ISIS is believed to be working on a sophisticated new bomb that could be hidden in laptop computers and are capable of evading airport detectors, as reported by the Daily Mail on Friday.
The assessment was made following an examination of evidence left behind by ISIS fighters after they were overrun from their position at University of Mosul in northern Iraq this past January.
After Iraqi special forces recaptured the area from ISIS, it was learned that ISIS used the university and its equipment and labs to develop deadlier bombs.
The 'new generation' of explosives is believed to be more powerful and capable of evading detection with scanners typically used at airports, according to US officials.
ISIS bomb makers reportedly tested the new explosives by using the airport scanners that they took from the Mosul airport after the jihadist group overran the city in 2014.
After ISIS was routed by Iraqi troops in January, the group reportedly burned many of the buildings it left behind so as to conceal evidence.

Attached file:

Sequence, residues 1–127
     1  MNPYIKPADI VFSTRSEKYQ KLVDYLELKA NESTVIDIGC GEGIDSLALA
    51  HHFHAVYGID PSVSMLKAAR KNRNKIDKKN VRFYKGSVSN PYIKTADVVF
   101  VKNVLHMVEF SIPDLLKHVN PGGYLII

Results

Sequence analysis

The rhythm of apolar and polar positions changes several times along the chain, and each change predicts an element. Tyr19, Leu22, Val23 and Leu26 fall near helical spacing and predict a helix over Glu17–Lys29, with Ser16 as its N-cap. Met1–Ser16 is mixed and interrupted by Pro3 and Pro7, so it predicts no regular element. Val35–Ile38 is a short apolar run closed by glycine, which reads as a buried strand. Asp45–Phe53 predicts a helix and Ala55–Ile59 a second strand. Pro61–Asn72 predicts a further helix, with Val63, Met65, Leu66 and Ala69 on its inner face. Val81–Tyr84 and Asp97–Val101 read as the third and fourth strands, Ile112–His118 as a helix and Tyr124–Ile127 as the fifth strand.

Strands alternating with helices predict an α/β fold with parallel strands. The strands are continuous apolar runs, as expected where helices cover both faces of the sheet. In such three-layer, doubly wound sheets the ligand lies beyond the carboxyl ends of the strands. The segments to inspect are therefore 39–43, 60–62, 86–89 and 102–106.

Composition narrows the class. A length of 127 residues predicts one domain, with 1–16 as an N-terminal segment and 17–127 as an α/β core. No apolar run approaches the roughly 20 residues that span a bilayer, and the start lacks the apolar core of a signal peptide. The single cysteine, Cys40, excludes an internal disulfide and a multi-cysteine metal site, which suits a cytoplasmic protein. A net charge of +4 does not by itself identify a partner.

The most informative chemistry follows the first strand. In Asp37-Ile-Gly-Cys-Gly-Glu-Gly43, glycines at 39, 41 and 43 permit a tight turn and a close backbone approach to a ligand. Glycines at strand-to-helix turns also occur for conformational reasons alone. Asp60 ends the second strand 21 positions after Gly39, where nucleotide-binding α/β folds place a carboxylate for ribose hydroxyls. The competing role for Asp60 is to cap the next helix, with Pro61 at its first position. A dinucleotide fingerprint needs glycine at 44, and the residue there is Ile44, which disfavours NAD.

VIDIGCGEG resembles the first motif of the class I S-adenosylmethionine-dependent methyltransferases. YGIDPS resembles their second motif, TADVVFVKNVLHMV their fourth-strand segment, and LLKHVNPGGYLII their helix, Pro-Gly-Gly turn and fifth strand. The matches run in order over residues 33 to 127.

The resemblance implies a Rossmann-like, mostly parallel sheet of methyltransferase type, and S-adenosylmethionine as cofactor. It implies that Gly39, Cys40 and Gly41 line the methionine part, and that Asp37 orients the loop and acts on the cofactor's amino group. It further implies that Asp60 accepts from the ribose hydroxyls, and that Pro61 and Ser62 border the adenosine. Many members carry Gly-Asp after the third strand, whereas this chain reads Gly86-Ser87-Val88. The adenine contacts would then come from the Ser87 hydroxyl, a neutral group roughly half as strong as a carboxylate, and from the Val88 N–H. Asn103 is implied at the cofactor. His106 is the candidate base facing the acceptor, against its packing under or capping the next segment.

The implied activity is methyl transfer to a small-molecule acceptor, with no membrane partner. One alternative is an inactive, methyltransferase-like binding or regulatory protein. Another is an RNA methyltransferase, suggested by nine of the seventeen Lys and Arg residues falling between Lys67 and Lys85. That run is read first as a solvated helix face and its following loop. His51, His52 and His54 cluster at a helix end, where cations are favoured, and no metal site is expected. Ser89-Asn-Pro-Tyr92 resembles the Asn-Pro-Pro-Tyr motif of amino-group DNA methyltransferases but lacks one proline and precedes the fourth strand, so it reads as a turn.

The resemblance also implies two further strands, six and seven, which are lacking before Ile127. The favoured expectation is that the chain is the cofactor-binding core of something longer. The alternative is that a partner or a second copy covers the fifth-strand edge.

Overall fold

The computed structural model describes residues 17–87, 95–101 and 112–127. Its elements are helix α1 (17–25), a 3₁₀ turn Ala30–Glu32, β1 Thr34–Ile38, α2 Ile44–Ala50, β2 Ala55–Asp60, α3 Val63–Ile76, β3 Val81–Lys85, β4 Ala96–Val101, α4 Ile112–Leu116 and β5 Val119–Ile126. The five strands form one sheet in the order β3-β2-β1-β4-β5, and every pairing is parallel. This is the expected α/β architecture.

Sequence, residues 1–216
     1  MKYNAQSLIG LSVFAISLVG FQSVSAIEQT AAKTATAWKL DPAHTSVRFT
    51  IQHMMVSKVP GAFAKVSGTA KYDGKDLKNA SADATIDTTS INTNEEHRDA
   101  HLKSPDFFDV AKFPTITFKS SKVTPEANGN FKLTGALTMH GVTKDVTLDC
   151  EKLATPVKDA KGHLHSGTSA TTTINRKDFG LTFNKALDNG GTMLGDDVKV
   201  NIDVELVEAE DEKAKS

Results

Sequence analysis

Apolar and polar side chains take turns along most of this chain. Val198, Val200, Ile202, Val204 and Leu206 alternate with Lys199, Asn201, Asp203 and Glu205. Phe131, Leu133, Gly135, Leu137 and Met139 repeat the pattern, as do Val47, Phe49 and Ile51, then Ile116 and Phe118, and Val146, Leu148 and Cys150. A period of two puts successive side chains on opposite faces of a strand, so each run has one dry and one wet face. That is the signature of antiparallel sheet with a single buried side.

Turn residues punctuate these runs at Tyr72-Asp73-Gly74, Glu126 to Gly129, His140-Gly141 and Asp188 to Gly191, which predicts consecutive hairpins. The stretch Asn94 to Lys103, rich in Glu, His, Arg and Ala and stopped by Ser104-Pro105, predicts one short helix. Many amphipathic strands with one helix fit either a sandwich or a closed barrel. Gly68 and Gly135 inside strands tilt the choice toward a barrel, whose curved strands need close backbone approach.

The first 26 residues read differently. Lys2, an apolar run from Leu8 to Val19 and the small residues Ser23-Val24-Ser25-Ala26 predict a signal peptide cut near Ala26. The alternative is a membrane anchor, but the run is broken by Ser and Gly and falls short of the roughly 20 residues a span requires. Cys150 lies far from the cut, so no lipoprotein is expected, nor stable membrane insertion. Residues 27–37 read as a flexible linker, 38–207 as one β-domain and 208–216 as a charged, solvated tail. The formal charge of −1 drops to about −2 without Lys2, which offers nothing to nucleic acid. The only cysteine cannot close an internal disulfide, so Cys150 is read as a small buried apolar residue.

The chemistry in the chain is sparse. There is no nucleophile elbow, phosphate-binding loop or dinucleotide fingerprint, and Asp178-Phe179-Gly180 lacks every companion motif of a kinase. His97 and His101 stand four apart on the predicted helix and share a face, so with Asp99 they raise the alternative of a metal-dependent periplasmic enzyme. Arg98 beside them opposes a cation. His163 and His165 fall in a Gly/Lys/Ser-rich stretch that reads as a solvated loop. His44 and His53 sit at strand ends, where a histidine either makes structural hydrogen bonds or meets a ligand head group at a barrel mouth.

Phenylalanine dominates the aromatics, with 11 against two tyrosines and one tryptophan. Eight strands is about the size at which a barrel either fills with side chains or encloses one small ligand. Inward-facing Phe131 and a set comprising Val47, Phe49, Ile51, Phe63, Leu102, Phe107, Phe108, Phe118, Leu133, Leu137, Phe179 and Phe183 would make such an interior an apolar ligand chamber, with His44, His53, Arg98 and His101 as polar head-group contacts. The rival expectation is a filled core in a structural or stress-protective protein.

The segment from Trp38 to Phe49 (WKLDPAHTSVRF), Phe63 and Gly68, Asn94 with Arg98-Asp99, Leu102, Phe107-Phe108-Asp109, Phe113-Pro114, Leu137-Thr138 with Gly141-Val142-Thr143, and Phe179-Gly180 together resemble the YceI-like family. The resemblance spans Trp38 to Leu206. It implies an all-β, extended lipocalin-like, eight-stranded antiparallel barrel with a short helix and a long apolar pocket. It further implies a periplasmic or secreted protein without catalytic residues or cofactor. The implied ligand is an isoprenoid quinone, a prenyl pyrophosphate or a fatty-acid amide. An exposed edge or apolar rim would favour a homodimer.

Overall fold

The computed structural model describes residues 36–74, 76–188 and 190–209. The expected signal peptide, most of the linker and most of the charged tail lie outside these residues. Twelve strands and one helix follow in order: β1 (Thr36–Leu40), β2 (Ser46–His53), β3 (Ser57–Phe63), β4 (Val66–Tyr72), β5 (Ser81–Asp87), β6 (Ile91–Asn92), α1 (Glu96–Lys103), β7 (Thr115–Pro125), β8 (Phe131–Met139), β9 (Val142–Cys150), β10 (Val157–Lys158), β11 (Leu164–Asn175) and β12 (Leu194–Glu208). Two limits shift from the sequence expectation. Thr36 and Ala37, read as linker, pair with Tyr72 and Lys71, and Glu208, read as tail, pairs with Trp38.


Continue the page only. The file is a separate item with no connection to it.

But US officials said that ISIS fighters left behind enough evidence to give them pause.
Officials' belief that ISIS terrorists are developing more sophisticated explosives is apparently what motivated Western governments – led by the US – to seriously consider instituting a ban on laptops for all flights from Europe and the Middle East.
Talks on a proposed US ban on laptops and tablets on flights coming from Europe ended Wednesday with no ban - and a promise of more talks and better intelligence sharing.
On Wednesday, in a secure room in Brussels, officials from the US Department of Homeland Security and the European Union swapped information about threats involving air travel.
An official who followed the talks said the ban was 'off the table' for now. He spoke on condition of anonymity to release details of the sensitive negotiations.